Published by Sourcebooks Fire on 2011-10-01
Genres: contemporary, romance
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FTC Disclosure: I received this book for free from the bought in exchange for an honest review. This does not affect my opinion of the book or the content of my review.
From the back cover...
[color-box]One small mistake. One giant secret.
Jazz wasn't supposed to have seen her mother's boyfriend that night. Especially not making out with one of her friends! Worse yet, she goes to tell her mom and gets the ultimate bombshell: her mom's pregnant. Now, Jazz can never reveal what she's seen. No matter what.
The only one who seems to understand her is Jackson. Rumors are swirling that he's just out of reform school. But right now-with everything going on-Jazz isn't afraid to live on the edge a little...[/color-box]
I have fallen in love with Janet Gurtler’s writing. The stories that she creates are always deeply emotional and intense with beautifully created characters. They are vulnerable and imperfect and entirely recognizable as real people. I also love that the author doesn’t shy away from tough subjects. She doesn’t gloss over them or smooth the edges, but presents them in an authentic way.
The issues are deep in this book. Race, prejudice, loyalty, family issues… all of these things are explored throughout this book. Our MC, Jaz, is biracial and has struggled throughout her life to feel as if she fit in. She has been raised by her grandparents and what is left of her relationship with her mother is pretty unhealthy. Her mother was just 17 when Jaz was born and has been rather absent since, something that has filled Jaz with no small amount of resentment. The issues just deepen when Jaz sees her mother’s boyfriend Simon at a party, kissing her best friend. That best friend, Lacey, had been one of the few people she truly trusted and now that is gone, too. But even with all of the drama, Jaz also finds a new friend in Ashley and unexpected romance with Jackson.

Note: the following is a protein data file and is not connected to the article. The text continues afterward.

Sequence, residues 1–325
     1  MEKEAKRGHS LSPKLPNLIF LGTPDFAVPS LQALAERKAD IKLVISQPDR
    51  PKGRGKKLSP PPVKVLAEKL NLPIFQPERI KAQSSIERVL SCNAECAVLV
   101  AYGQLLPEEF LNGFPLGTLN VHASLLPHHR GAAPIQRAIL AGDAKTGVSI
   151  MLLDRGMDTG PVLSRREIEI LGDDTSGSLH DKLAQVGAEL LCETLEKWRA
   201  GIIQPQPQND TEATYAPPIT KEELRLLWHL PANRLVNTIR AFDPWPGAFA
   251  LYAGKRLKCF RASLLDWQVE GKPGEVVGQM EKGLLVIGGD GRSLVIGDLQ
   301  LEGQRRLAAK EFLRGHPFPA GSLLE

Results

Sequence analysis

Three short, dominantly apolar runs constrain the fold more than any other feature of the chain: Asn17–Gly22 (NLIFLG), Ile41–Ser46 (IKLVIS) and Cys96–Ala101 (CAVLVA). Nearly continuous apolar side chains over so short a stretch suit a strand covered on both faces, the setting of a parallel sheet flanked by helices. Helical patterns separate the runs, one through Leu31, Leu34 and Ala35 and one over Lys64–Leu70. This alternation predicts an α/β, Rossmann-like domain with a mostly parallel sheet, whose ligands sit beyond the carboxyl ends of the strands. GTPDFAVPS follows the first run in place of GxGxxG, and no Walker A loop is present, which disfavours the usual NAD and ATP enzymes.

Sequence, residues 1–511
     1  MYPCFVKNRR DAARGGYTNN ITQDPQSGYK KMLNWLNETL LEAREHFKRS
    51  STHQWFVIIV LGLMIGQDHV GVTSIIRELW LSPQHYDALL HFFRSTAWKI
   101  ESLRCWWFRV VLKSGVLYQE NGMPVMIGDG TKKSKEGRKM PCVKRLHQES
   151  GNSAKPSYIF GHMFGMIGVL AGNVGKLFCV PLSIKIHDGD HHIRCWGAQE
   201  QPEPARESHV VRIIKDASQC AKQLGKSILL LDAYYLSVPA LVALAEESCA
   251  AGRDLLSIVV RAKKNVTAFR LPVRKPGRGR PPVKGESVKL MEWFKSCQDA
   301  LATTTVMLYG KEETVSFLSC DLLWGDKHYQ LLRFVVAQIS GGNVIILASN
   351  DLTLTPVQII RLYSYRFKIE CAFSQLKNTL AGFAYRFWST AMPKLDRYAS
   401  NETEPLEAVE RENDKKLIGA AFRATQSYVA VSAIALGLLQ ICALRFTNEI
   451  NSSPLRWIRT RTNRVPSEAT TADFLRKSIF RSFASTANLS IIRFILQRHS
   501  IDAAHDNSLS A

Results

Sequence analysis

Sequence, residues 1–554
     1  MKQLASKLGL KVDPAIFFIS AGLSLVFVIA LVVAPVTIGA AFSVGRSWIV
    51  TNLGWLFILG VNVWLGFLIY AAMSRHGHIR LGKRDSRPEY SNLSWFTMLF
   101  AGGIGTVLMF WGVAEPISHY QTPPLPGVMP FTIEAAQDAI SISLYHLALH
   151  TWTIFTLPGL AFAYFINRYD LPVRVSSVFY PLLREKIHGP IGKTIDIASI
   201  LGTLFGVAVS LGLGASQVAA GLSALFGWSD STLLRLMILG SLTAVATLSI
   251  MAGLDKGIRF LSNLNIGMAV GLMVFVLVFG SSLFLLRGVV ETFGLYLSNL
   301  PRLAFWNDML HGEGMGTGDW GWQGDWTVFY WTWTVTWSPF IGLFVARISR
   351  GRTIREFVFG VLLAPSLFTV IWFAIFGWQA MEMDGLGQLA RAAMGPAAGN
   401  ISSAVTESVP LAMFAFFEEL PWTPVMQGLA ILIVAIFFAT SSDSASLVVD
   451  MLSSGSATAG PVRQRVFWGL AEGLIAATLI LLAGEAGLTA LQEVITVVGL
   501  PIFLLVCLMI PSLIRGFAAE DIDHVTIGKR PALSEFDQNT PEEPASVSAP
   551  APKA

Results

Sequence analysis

I love the characters in this book! Each one of them has their own story, their own issues. Regardless of their role in the story, it was difficult not to feel for them. There are moments of back story and twists and turns that add levels of depths to them all, even those in supporting roles.
There are lessons to be learned in this book. Lessons of acceptance and diversity. Lessons about judgments and stereotypes. Lessons about friendship and loyalty. Lessons about forgiveness and love, all kinds of love.
Some Quotastic Goodness
I needed to make sure I wasn’t having a horrible hallucination, but I really wished that someone had spiked my soda and that drugs were distorting my reality. Like I was witnessing a train wreck, I wanted to look away but couldn’t take my eyes off them (Loc. 73).
Hello, hot. Jackson Morgan, the new boy at Westwind High. Supposedly he’d failed kindergarten and had just gotten out of some school for delinquent boys. For dealing drugs. But I managed to stay composed when he nodded at me (Loc. 102).
Another check on the long list of things I didn’t inherit from her. Boobs. Nope. Blond straight hair. Nope. Coloring. Nope. I’m more a muddy mix of black and white. Mixing colors is pretty basic stuff for artists, but it’s trickier with people (Loc. 175).
“You think because he has a black father and a white mother, the baby is bad or evil or something (Loc. 3305)?”
I absolutely love Janet Gurtler’s writing. They are intense and emotional and they pull me in from the moment I start reading. They are some of the best contemporary fiction I have read. I definitely recommend this book!
Reading this book contributed to these challenges: